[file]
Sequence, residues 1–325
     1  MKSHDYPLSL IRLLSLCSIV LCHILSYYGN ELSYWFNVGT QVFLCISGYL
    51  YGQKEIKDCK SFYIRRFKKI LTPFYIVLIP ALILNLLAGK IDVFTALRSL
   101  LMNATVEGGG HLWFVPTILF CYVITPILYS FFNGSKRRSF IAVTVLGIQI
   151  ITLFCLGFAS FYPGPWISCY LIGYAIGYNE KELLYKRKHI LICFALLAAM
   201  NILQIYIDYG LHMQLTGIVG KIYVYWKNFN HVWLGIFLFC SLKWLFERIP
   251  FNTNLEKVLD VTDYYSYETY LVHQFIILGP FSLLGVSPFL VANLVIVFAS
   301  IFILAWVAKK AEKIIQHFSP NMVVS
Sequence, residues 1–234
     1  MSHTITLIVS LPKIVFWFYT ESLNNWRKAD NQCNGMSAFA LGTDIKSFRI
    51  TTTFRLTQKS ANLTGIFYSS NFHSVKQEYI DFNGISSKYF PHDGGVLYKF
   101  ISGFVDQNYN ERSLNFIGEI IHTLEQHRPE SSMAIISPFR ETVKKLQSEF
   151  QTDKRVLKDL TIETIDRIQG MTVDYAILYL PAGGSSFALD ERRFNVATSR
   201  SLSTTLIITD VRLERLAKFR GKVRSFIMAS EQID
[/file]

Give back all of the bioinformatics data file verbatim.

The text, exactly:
Sequence, residues 1–325
     1  MKSHDYPLSL IRLLSLCSIV LCHILSYYGN ELSYWFNVGT QVFLCISGYL
    51  YGQKEIKDCK SFYIRRFKKI LTPFYIVLIP ALILNLLAGK IDVFTALRSL
   101  LMNATVEGGG HLWFVPTILF CYVITPILYS FFNGSKRRSF IAVTVLGIQI
   151  ITLFCLGFAS FYPGPWISCY LIGYAIGYNE KELLYKRKHI LICFALLAAM
   201  NILQIYIDYG LHMQLTGIVG KIYVYWKNFN HVWLGIFLFC SLKWLFERIP
   251  FNTNLEKVLD VTDYYSYETY LVHQFIILGP FSLLGVSPFL VANLVIVFAS
   301  IFILAWVAKK AEKIIQHFSP NMVVS
Sequence, residues 1–234
     1  MSHTITLIVS LPKIVFWFYT ESLNNWRKAD NQCNGMSAFA LGTDIKSFRI
    51  TTTFRLTQKS ANLTGIFYSS NFHSVKQEYI DFNGISSKYF PHDGGVLYKF
   101  ISGFVDQNYN ERSLNFIGEI IHTLEQHRPE SSMAIISPFR ETVKKLQSEF
   151  QTDKRVLKDL TIETIDRIQG MTVDYAILYL PAGGSSFALD ERRFNVATSR
   201  SLSTTLIITD VRLERLAKFR GKVRSFIMAS EQID